Standard RGB, as in pre-corrected for the basic standard "monitor gamma".  I don't think it makes a lick of difference when it comes to to scaling though, as the above checkerboard demonstrates.  Anisotropic filtering should help somewhat though.

It makes a big difference actually. Try comparing a texture in Photoshop, as the artist designed it, with how it looks in a game without gamma-correct rendering, it won't match. The result will get worse, depending on how many linear filtering operations have been performed on the non-linear texture data. The issue is not that hard to solve, but you'd be surprised how many games get this wrong.

The 3 most common sources of filtering error are: 1) mipmap generation 2) texture sampling 3) lighting calculations. Every time you perform an addition between a texel value and something else, the texel has to be in linear space. You can fix 1) with custom mipmap generation 2) with sRGB textures and 3) with sRGB textures or simple pow() functions in the shader.

There's no way around 2), the texture sampling hardware has to know that it's dealing with non-linear data. It first has to convert from gamma-space to linear, perform the linear/mipmap/anisotropic filter and then return the texture color to the shader. Older hardware cannot do this, but this tends to be the weakest source of error.

edit: Some games use a 2.0 gamma exponent instead of 2.2, an approximation that allows them to use sqrt(x) and x*x in the shader, instead of pow(x, 1.0/2.2) and pow(x, 2.2) which are more expensive. I wouldn't recommend it these days.
Offline Riven
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« Reply #7 - Posted 2012-03-03 19:36:59 »

http://riven8192.blogspot.com/2009/08/image-gamma-corrected-scaling.html

You might want to change the Math.sqrt(...) to Math.pow(..., 1.0/gamma)
I modified the post to handle arbitrary values of gamma correctly, with some hints from Spasi.

This is where the magic happens:
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   public static int[] half(int[] argbFull, int w, double gamma)
   {
      int h = argbFull.length / w;
      int w2 = w/2;
      int h2 = h/2;

      int[] argbHalf = new int[argbFull.length >>> 2];

      for (int y = 0; y < h2; y++)
      {
         for (int x = 0; x < w2; x++)
         {
            int p0 = argbFull[((y << 1) | 0) * w + ((x << 1) | 0)];
            int p1 = argbFull[((y << 1) | 1) * w + ((x << 1) | 0)];
            int p2 = argbFull[((y << 1) | 1) * w + ((x << 1) | 1)];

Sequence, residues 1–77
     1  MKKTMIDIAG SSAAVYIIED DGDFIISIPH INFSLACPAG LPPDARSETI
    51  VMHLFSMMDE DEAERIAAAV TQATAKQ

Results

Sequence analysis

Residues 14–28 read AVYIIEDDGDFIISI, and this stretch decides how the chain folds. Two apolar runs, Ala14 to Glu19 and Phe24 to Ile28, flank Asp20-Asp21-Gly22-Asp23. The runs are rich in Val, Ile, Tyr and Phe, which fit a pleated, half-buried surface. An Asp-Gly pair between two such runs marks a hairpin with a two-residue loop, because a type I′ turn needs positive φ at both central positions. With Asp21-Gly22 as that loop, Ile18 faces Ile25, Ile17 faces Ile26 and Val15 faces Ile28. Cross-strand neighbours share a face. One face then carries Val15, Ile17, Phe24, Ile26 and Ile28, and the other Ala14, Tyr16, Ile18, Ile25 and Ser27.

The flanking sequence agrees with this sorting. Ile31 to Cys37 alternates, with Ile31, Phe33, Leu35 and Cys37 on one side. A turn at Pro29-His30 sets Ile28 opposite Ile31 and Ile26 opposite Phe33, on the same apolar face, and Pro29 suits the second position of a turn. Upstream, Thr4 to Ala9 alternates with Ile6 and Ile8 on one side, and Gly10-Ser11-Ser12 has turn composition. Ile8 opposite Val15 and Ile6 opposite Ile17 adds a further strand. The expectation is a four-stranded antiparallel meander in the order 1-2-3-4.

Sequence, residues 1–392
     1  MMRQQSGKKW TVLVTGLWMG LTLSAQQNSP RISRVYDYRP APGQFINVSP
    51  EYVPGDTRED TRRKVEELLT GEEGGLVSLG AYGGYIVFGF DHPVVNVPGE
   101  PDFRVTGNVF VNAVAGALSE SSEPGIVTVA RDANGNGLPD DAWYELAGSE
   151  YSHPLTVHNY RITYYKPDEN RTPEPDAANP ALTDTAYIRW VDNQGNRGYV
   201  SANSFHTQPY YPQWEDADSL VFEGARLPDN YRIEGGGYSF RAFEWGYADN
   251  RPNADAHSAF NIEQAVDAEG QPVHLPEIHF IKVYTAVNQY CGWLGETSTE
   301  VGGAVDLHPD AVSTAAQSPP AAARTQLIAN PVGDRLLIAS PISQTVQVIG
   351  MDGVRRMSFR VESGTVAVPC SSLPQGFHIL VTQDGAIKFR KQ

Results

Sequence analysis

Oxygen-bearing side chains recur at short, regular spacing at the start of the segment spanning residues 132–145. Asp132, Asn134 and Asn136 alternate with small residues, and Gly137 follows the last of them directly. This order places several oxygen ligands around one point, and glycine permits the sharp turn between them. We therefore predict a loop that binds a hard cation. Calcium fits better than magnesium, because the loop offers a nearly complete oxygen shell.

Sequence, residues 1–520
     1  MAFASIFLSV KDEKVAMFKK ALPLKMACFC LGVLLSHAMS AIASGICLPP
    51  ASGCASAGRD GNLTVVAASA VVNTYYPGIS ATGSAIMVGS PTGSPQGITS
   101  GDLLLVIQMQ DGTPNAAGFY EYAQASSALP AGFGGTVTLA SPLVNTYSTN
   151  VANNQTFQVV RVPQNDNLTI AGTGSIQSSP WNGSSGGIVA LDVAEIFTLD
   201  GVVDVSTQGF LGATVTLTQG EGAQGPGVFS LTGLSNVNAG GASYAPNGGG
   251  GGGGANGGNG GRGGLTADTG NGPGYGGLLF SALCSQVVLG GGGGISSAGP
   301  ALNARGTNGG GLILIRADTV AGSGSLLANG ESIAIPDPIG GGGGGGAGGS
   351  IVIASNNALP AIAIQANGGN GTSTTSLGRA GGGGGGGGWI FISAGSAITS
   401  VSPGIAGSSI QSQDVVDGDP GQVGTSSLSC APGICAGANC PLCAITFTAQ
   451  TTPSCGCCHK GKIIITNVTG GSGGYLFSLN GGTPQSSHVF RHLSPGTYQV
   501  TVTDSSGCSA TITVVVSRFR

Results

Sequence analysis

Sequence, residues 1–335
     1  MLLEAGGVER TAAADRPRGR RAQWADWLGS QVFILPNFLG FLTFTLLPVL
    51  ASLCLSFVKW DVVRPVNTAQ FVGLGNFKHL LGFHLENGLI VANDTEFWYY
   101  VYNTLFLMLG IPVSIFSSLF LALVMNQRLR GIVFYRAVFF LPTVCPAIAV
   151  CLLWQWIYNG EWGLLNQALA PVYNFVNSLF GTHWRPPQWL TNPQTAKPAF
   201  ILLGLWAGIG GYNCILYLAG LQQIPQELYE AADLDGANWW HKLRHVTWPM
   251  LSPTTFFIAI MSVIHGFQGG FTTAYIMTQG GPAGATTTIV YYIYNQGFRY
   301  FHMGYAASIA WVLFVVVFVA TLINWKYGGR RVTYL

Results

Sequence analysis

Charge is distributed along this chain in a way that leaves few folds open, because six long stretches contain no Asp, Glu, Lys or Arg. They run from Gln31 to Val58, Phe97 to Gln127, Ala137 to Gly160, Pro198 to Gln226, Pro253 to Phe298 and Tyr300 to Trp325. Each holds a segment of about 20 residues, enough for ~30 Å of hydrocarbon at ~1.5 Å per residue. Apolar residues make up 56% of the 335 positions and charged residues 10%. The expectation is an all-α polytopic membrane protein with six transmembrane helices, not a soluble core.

int p3 = argbFull[((y << 1) | 0) * w + ((x << 1) | 1)];

            int a = gammaCorrectedAverage(p0, p1, p2, p3, 24, gamma);
            int r = gammaCorrectedAverage(p0, p1, p2, p3, 16, gamma);
            int g = gammaCorrectedAverage(p0, p1, p2, p3,  8, gamma);
            int b = gammaCorrectedAverage(p0, p1, p2, p3,  0, gamma);

            argbHalf[y * w2 + x] = (a << 24) | (r << 16) | (g << 8) | (b << 0);
         }
      }
      return argbHalf;
   }

   static int gammaCorrectedAverage(int a, int b, int c, int d, int shift, double gamma)
   {
      double x = Math.pow(((a >> shift) & 0xFF) / 255.0, gamma);
      double y = Math.pow(((b >> shift) & 0xFF) / 255.0, gamma);
      double z = Math.pow(((c >> shift) & 0xFF) / 255.0, gamma);
      double w = Math.pow(((d >> shift) & 0xFF) / 255.0, gamma);

      return (int) Math.round(Math.pow((x+y+z+w) * 0.25f, 1.0 / gamma) * 255.0);
   }

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Offline Spasi
« Reply #8 - Posted 2012-03-03 19:38:39 »

You can find much better explanations and pictures here:

- Gamma and Mipmapping
- Linear-Space Lighting

Half-way down in the second post, there's a comparison of two spheres, one with gamma-correct rendering and one without. That yellow-ish ring around the specular in the left image is the most obvious clue you can find in games that don't do gamma-correct rendering.
Offline integeruser

Junior Devvie


Medals: 11



« Reply #9 - Posted 2012-03-03 22:58:23 »

@Riven thank you for the code, i'll try it Smiley

@Spasi, thanks again for your attention, and for the links i will read tomorrow Smiley. Your words lead me to another questions:

I have used the same resources (.dds) that the original author uses in his project, and the compiled c++ runs perfectly on my pc so it's not an hardware problem...so why i had to add glGenerateMipmaps() to get the texture displayed? Are there some differences between c++ OpenGL and LWJGL?

And also, i opened the dds with gimp + plugin, i see only the texture, not texture + mipmaps (like the image on "Gamma and Mipmapping" post you write to me) so i think the mipmap are generated on the go, am i right? How are they generated without glGenerateMipmaps()?

These two points are not clear to me  Huh


Last thing i want to highlight, the tutorial divides the 'textures srgb' part from the 'gamma correction' part:
-the 'G' key switches between a lRGB checkerboard and the sRGB one (which is 'brighter', but not in my lwjgl application - my problem);
-the 'A' key switches between the 'no gamma' shader (which does nothing) and the 'gamma' shader, which perform this correction:
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void main()
{
   vec4 gamma = vec4(1.0 / 2.2);
   gamma.w = 1.0;
   outputColor = pow(texture(colorTexture, colorCoord), gamma);
}

(which makes the textures even brighter - and it works perfectly)
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Offline Spasi